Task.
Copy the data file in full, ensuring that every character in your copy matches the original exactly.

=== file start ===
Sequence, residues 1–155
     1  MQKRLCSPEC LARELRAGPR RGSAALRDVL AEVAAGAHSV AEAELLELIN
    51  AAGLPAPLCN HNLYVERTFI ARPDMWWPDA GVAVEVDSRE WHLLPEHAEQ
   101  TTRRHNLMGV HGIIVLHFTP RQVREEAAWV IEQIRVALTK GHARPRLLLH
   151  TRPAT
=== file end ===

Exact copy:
Sequence, residues 1–155
     1  MQKRLCSPEC LARELRAGPR RGSAALRDVL AEVAAGAHSV AEAELLELIN
    51  AAGLPAPLCN HNLYVERTFI ARPDMWWPDA GVAVEVDSRE WHLLPEHAEQ
   101  TTRRHNLMGV HGIIVLHFTP RQVREEAAWV IEQIRVALTK GHARPRLLLH
   151  TRPAT